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Transform your workforce with empathy and an eye on the future

Learn three tips to take a more empathetic approach to workforce transformation during times of change.

Published by Jessica Modrall 

A close up image of an eye

Another day and a fresh challenge for the new British Prime Minister. A change in leadership usually brings a change in direction, new policies and initiatives. But none of us could have foreseen what has unfolded in the last few weeks.

For many organizations, these turbulent economic conditions will mean revisiting their business strategy and assessing whether they have the optimum workforce to withstand the pressures that currency fluctuations and market disruption bring.

Yet, while the desire to rush headlong into spreadsheet analysis and make quick changes to their operations, it’s important for leaders to pause and consider the impact on their people.

Don’t get caught by “spreadsheet sight”

During periods of transition, it’s easy for businesses to get caught out by spreadsheet sight. By that I mean they push through initiatives and take actions based purely on what spreadsheets says.

But if there’s one thing we’ve learned in recent times, it’s that running any organization or system involving people can’t be fully represented in Excel. It’s my belief that leaders have a better chance of navigating change during times of turbulence if they manage with empathy.

There have been notable examples throughout the pandemic of empathetic leadership that helped organizations through tough conditions. PepsiCo gave monetary support to its factory floor workers, who were either in quarantine or took time off to look after poorly relatives. The company weathered the storm well in 2020 and, in Q1 this year, announced revenues of more than $1bn above expectation.

While it’s all but impossible to link an empathetic management style with an increase in revenue, it’s fair to say that managing with empathy alongside data insights helps leaders retain staff in difficult times, and may even attract new talent.

More than just the numbers

The aviation industry has been through the mill over the last few years. Now in the UK, airlines are struggling to find enough workers to meet the huge demand for international travel since governments lifted COVID restrictions. When the pandemic first hit, the industry cut staff en masse. British Airways alone let go of 10,000 staff members.

Fast forward and today many of those workers have found alternative employment with better pay, conditions, and working hours. Now, the aviation industry is being forced to rethink its recruitment strategy and offer return-to-work incentives with sign-on bonuses and other enticements.

Undoubtedly, airlines and airports would’ve preferred not to have made the tough decisions they did. But time has shown they underestimated the future impact of these decisions.

Modeling and testing strategic decisions against different scenarios would have helped them better forecast their workforce needs once restrictions were eased. Hindsight also shows that making a rational business decision without empathy can leave a mark that’s hard to erase.

A change in approach in light of these learnings could make all the difference as the world stares now into the face of a global economic downturn that will affect people’s livelihoods. Against that backdrop, I have the following suggestions to offer.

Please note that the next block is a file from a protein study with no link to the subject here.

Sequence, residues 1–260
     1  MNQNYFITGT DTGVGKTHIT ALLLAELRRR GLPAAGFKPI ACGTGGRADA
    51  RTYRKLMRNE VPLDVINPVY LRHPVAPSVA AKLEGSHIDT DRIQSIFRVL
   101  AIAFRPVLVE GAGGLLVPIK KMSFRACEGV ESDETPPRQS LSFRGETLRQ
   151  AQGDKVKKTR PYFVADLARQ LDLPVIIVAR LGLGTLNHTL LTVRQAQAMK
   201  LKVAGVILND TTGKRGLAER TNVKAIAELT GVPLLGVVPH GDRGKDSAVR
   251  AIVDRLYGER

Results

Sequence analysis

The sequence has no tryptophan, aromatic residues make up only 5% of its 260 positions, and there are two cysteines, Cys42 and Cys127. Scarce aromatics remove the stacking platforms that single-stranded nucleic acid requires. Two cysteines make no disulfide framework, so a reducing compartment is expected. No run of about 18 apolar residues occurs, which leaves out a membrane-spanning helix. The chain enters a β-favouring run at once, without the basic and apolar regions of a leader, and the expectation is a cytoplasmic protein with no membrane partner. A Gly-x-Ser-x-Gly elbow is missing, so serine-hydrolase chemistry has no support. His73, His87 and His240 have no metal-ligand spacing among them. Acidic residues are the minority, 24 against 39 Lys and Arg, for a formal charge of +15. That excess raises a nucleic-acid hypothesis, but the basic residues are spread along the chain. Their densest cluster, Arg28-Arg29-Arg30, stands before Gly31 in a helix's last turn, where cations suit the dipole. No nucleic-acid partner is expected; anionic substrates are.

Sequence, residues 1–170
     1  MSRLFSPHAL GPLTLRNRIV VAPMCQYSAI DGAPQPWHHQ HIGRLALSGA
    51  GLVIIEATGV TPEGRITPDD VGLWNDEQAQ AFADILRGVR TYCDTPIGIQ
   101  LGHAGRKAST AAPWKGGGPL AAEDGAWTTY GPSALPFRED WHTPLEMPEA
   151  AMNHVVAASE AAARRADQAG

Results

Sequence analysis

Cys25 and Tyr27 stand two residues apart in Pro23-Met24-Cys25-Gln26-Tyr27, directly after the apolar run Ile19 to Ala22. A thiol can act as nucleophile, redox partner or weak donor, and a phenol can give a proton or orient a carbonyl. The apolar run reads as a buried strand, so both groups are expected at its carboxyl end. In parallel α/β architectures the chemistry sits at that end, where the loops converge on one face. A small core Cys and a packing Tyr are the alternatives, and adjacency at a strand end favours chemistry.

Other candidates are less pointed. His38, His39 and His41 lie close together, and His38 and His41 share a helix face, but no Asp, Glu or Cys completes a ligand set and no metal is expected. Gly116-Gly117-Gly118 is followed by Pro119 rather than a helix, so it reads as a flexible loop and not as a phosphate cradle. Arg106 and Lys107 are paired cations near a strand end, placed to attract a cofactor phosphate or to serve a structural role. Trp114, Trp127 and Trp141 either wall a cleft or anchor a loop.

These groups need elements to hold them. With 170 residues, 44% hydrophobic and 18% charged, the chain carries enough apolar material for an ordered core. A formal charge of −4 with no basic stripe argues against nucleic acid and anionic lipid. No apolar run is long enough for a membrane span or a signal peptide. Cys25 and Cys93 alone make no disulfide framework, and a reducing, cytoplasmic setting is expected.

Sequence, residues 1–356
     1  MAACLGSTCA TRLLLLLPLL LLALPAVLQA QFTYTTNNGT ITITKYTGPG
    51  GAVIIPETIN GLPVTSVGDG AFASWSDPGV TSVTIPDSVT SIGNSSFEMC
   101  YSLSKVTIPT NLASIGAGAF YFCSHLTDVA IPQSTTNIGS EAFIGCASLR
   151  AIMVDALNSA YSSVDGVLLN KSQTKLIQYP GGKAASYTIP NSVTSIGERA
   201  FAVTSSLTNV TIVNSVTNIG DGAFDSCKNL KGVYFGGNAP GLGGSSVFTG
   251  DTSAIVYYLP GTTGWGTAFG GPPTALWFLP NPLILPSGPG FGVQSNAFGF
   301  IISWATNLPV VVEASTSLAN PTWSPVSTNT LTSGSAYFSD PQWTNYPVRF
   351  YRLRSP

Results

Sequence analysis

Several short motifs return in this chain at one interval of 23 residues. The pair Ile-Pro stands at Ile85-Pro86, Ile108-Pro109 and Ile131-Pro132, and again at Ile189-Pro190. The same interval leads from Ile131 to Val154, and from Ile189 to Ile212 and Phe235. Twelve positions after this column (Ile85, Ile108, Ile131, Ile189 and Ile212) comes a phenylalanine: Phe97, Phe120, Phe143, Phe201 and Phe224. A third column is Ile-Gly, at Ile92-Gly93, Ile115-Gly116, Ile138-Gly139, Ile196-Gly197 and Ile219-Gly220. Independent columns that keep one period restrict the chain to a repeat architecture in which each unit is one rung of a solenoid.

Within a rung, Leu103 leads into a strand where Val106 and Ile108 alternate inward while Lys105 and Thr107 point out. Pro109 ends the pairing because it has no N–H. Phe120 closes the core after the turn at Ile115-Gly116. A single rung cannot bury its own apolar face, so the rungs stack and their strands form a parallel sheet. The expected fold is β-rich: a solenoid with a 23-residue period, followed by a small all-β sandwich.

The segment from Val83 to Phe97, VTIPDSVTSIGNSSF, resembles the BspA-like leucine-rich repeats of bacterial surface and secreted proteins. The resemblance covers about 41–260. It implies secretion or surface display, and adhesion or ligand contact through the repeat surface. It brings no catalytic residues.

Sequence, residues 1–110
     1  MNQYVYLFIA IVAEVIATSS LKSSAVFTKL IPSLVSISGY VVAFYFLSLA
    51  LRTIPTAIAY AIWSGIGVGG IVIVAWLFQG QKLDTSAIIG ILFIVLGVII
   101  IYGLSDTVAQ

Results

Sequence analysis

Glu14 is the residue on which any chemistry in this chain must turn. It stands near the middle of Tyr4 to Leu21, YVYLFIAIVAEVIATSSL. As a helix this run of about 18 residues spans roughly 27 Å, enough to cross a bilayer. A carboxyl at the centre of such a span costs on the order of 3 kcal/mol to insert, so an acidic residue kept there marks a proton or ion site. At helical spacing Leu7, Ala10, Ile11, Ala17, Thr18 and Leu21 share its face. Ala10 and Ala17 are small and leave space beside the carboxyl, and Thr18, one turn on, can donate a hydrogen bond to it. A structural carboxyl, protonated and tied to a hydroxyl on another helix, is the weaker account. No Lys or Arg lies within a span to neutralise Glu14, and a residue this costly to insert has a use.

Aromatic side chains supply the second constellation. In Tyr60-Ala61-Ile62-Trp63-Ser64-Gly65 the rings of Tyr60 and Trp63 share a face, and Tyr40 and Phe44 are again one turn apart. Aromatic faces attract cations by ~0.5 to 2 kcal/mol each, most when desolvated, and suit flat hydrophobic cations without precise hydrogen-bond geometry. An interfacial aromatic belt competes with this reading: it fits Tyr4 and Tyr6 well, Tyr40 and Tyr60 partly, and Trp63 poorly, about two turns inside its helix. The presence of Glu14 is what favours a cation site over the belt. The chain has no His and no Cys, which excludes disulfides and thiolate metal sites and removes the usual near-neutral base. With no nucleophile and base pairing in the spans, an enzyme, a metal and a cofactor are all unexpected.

Three tips for stable and lasting business transition

In taking a more empathetic approach to change, business leaders could consider the following:

  • Acknowledge your team championsLeaders should look hard to find the team managers, team leads and squad leaders that helped keep their teams together and resilient over the last few years. Empowering and nurturing them will ensure future transitions are well managed, well communicated and embraced.
  • Keep culture front of mindEconomic and political uncertainty is not a green light to chuck culture out of the window. In fact, culture should be nurtured and protected in times of crisis. It’s not something you’ll find on a spreadsheet but it’s perhaps one of the most important things to get right during periods of change.
  • Take a long viewDecisions should be made with consideration for their future impact. By simply focusing on the here and now, you may feel like you’re solving a challenge but it could cause greater complications down the road if not modeled well. Get to grips with the ‘what if’ and you’ll be better set for today and tomorrow.

Moving with the times

So, as the UK adjusts to new government leadership, we’ll inevitably see a change in response to the issues at hand. In the US, the mid-term elections may throw businesses a curve ball too. Add to this the continuing energy crisis and geopolitical instability, and it’s easy to see why organizations are looking to make radical changes to weather the storm ahead.

But by learning the lessons of the past and leading with an eye on the future, organizations will be better placed to avoid knee-jerk reactions and the risks that ensue with the relentless pursuit of agility over empathy.

Read more about workforce transformation

In taking a data-driven approach to redefining your workforce, there are three foundational pillars to systematically design, plan, and adapt to the future of work. we explain what they are.

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